Local anesthetics create a chemical roadblock between the source of pain and the brain by interfering with the ability of a nerve to transmit electrical signals or action potentials. The local anesthetic blocks the operation of a specialized gate called the sodium potential. When the sodium channel of a nerve is blocked, the nerve signals cannot be transmitted. The only location at which the local anesthetic molecules have access to the nerve membrane is at the nodes of Ranvier, where there is an abundance of sodium channels. The interruption of a nerve signal in a myelinated nerve (such as a dental nerve) occurs when nerve depolarization (the nerve signal) is blocked at three consecutive nodes of Ranvier.
Local anesthetics are vasodilators and are eventually absorbed into the circulation. They have systemic effects that are directly related to their blood plasma level. Overdose with local anesthetics can result in CNS depression, convulsions, elevated heart rate, and blood pressure.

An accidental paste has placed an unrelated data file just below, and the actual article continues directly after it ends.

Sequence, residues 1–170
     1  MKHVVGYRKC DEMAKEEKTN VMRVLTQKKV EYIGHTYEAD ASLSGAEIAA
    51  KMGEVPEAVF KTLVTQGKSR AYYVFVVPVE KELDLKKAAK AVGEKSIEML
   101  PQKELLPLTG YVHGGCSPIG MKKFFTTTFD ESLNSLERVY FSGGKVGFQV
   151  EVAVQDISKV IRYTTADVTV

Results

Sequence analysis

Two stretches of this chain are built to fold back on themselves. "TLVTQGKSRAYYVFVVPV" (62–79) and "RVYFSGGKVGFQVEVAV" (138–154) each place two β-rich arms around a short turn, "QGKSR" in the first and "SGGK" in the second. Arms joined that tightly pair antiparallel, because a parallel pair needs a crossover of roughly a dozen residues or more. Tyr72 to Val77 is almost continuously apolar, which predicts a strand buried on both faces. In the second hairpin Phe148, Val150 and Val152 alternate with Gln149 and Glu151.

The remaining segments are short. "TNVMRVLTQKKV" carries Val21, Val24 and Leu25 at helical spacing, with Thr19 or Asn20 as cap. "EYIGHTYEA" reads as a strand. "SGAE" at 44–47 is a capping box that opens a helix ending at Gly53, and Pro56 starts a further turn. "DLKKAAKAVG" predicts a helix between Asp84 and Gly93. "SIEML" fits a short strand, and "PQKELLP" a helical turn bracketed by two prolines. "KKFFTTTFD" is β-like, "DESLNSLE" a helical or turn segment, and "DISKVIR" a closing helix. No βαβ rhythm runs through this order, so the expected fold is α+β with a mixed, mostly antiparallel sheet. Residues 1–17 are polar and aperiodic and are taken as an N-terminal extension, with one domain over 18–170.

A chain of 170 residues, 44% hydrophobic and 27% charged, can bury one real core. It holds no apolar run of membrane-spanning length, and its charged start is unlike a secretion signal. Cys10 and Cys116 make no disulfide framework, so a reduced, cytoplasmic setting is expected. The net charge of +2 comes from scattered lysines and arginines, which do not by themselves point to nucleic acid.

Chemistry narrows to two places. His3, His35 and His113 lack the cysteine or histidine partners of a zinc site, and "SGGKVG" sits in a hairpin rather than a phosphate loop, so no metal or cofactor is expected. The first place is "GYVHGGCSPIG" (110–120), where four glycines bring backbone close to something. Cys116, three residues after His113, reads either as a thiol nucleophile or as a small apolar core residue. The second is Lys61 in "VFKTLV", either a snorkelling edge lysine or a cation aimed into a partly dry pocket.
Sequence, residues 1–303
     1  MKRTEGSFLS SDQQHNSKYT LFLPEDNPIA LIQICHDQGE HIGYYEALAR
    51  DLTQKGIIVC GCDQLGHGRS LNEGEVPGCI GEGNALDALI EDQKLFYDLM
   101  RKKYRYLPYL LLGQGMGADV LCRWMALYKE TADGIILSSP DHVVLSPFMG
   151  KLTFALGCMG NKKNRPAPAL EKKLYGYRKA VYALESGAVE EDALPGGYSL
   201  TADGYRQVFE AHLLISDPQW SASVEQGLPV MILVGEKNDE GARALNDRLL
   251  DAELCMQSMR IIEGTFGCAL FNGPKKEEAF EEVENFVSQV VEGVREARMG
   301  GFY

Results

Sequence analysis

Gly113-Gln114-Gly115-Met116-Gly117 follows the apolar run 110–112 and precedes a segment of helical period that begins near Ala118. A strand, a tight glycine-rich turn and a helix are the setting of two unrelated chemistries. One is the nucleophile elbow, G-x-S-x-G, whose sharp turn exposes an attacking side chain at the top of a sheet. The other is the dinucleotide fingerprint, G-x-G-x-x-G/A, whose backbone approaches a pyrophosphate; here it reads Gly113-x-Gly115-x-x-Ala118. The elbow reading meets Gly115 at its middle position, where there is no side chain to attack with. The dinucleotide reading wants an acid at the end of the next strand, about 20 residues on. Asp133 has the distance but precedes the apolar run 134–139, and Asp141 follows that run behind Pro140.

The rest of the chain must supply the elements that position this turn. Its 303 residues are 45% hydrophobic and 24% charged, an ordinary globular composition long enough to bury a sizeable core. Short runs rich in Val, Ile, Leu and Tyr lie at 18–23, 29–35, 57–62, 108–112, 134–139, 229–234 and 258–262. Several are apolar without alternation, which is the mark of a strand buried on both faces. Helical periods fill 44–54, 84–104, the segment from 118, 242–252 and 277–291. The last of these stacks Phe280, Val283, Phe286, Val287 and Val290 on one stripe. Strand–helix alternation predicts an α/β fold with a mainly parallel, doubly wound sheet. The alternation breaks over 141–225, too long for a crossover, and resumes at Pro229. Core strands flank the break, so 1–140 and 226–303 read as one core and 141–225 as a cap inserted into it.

Vasoconstrictors (epinephrine and levonordefrin) are added to local anesthetics to counteract the vasodilatory action, slowing the removal of the anesthetic from the area of the nerve and thus prolonging its action. Different anesthetics have different rates of onset of symptoms and duration of action. The more acidic a local anesthetic solution is the slower the onset of action. The more closely the equilibrium pH for a given anesthetic approximates physiologic pH, the more rapid the onset of anesthetic action. The better the local anesthetic molecule binds to the protein in the nerve’s sodium channel, the longer the duration of anesthesia.